POSTED : January 17, 2019
BY : Spencer Pereira

It is critical that individuals working in sales, marketing, or any other role that interacts with customers understand the buyer’s journey. So, what does this important process look like?

The buyer’s journey consists of three stages:

  • Awareness: Essentially, this is when the buyer realizes they have a problem.
  • Consideration: Now that a problem has been identified, they must research valid options that could solve this problem.
  • Decision: After research, the buyer makes their choice on which solution to proceed with.

Although each stage can be wrapped up into a quick sentence, there’s much more that goes into the complex buyer’s journey. Throughout the next month, we will be exploring each stage of this journey. Today, we take a look at the first stage: Awareness.

An in-depth look at awareness

The buyer’s journey starts with the awareness stage. At this point in the journey, an individual or group may not fully understand their problem or be able to articulate a need for a vendor. What they do know, however, is that they are experiencing a pain point.

At this stage, a buyer will likely not be actively searching for a solution to this pain. Enter: Your marketing team. Consumers in the awareness stage will often respond to high-level, or “top-of-the-funnel”, educational pieces such as blogs, ebooks, and webinars that speak to granular topics, such as “Building a Sales Process in Salesforce.”

Have your marketing team utilize marketing automation tools to trigger targeted emails and ads to help explain to buyers what they are missing out on. Using these marketing tools, create a true need, a demand if you will, for your product.

Awareness Tip: Don’t just tell your contact base that they have a problem, show them! Demonstrate not only what they are currently facing, but also what they can do to correct it. Let your target market know early on that your company can help!

Once consumers recognize their problem, and the need for a solution, they will start on broad research. An astonishing 72% of buyers will turn to a simple Google search to begin researching their problem. That’s why so many companies today have shifted their focus to digital marketing and content marketing strategies. This has allowed marketers to put more resources in the hands of the buyer, putting less of a strain on the sales side.

Ensure that your company’s website is ranking well for keywords and phrases that match what your target prospect is searching for when researching their problem. This is incredibly important as click-through rates decrease dramatically the lower you are on the search results. In fact, this rate drops from above 70% for solutions on the first page, to below 10% for sites on the second and third pages combined!

Once you have attracted prospects to your website, it’s time to prove to your target market that they are facing an issue, and more importantly, that your product or service has the ability to alleviate pain associated with the problem at hand. To state your case, use top of the funnel tactics. Writing content that speaks to buyer pain points helps educate them on what they’re missing out on while building trust that you are a vendor that can help.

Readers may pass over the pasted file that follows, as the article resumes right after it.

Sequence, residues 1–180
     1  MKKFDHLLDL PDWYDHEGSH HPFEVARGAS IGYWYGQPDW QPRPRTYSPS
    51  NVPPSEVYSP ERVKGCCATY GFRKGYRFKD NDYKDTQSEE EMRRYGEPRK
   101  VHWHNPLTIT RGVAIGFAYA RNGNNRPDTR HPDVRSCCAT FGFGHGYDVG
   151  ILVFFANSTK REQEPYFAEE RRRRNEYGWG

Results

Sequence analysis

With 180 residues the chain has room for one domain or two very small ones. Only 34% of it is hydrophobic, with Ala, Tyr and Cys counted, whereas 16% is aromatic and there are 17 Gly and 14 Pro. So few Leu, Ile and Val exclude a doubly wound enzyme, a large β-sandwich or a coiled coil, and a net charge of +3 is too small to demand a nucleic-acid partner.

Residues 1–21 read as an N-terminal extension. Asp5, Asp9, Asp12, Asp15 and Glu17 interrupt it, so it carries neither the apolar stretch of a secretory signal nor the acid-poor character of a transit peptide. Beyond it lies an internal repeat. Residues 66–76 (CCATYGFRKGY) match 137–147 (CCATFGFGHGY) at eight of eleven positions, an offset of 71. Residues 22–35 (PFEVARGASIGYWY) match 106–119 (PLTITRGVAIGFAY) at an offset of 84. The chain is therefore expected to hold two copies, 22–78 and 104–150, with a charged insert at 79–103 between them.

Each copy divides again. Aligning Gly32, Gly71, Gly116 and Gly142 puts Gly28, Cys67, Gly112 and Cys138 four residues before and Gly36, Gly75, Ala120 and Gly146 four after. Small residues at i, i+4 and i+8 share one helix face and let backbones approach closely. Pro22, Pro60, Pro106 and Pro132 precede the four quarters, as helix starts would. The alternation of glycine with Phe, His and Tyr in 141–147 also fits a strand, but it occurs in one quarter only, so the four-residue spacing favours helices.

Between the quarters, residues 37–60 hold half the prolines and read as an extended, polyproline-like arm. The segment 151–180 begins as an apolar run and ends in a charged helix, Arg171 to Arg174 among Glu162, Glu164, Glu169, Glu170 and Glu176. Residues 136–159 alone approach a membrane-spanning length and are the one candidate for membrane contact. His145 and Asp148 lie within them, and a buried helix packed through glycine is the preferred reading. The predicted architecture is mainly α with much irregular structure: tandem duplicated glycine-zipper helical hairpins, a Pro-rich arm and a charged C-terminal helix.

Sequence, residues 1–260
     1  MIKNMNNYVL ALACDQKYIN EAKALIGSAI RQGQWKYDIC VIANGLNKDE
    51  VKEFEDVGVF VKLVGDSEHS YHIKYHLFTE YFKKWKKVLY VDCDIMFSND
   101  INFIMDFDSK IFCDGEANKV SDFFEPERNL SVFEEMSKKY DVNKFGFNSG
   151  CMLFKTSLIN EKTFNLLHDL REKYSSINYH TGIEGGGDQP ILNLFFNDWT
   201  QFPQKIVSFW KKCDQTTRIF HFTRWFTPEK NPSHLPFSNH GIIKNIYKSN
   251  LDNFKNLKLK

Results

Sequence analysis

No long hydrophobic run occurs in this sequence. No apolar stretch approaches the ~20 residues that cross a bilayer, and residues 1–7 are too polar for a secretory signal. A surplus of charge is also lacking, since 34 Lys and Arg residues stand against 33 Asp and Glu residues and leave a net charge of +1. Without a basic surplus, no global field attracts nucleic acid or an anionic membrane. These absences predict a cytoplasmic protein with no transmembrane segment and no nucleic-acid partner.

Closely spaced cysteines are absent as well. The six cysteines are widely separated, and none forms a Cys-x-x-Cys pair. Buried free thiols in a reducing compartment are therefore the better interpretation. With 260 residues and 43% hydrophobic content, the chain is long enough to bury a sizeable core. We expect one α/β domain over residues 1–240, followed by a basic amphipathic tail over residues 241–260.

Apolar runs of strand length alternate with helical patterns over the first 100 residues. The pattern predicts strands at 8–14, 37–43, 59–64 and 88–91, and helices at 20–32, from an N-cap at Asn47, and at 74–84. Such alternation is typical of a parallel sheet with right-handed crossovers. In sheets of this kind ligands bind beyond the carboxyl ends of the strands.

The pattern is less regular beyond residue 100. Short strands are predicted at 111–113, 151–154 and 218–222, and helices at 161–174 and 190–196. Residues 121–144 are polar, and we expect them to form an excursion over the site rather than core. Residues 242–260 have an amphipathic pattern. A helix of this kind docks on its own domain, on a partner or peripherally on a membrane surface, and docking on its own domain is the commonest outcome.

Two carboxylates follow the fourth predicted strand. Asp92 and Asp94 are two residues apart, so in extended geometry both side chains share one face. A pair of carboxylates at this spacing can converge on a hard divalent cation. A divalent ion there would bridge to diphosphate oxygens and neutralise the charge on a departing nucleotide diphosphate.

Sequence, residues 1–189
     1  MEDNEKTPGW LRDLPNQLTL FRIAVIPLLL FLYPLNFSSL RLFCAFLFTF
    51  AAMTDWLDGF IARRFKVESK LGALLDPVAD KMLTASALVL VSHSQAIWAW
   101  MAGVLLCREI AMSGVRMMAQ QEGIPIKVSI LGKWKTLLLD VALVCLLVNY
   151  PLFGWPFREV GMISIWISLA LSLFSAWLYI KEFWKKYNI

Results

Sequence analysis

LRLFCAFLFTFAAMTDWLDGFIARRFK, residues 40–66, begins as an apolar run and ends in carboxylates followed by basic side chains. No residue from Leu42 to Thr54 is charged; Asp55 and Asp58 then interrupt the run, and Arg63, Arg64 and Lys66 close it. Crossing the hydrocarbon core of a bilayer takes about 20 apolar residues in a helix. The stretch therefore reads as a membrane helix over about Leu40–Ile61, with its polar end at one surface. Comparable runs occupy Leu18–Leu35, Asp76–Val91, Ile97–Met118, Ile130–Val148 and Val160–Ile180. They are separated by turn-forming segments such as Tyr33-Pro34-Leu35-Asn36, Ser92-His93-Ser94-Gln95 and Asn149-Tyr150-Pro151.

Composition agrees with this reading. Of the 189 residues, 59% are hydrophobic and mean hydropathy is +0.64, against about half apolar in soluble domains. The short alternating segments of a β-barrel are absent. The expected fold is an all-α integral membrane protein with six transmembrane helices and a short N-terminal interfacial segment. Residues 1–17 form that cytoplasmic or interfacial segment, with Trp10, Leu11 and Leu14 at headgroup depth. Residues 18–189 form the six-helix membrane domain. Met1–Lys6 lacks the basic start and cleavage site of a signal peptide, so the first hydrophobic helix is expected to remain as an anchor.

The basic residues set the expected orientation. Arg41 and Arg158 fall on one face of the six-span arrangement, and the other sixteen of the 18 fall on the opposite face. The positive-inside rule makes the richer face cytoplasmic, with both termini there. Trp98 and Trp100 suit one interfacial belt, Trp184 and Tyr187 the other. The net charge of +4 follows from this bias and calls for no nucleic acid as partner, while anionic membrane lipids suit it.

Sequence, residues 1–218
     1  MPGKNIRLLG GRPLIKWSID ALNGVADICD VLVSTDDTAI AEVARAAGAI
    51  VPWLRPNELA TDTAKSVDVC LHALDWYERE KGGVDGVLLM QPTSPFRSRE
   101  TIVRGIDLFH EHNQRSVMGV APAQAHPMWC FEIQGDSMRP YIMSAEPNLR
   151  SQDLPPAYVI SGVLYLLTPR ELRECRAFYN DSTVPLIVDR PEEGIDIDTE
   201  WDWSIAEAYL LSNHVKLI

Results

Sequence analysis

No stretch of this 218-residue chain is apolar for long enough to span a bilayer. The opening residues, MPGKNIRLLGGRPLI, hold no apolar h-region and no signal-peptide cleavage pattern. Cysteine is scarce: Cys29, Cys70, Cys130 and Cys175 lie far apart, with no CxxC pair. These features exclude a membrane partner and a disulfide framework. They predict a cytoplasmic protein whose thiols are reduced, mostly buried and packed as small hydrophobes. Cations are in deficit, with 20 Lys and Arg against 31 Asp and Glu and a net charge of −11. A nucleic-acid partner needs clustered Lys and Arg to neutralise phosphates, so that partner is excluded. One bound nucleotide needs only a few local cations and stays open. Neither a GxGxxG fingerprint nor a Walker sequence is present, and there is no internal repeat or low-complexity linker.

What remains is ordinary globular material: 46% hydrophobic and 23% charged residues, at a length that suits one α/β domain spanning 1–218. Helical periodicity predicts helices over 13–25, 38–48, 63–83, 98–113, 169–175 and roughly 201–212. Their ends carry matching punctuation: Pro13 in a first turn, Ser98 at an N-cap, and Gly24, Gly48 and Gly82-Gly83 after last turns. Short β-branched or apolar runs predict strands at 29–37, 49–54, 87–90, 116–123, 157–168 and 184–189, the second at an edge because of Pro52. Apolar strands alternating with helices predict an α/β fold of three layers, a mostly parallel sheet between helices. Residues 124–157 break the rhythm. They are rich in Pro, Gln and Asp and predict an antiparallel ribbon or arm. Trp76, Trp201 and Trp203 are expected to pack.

Once the target demographic recognizes that they have a problem, they’ll then ask themselves, or their colleagues, a series of questions including, but not limited to:

  • How did this problem arise?
  • Is there something we can do to correct it ourselves?
  • Should this challenge be a top priority, or can this wait until a later date?
  • Is there a practical cost and time effective solution to alleviate the pain point?
  • Will there be negative impacts if you do not take action?

Awareness Tip: Problem awareness can be a key challenge facing traditional sales prospecting teams, especially in new product/service areas such as high-end technology. When reaching out to cold prospects, understand they might not have “problem awareness,” let alone be actively researching a vendor. We could tell them all the great amazing things our product or service will do, but if they don’t see a “problem” with how they do things today, your message won’t resonate. Use your top-of-the-funnel pieces targeted at common problems in your prospecting communications.

With basic research under their belt, consumers will take their top options into the next stage of the buyer’s journey: Consideration. In our next edition of Inside the Buyer’s Journey, we will take an in-depth look at what consumers are taking into consideration and how you can make an impact on their Buyer’s Journey.

At PK, we work with clients in each stage of the buyer’s journey to simplify lead generation, sales management, and customer connections. Need advice on what CRM would be best for your company, how to engage contacts through Pardot marketing, or a development custom to your team? Reach out with your project needs and we’ll set up a time to discuss the options.

About the author

Spencer PereiraSpencer Pereira has a degree in integrated marketing communications and writing. He has worked in various marketing roles at Google and Valmont Industries.

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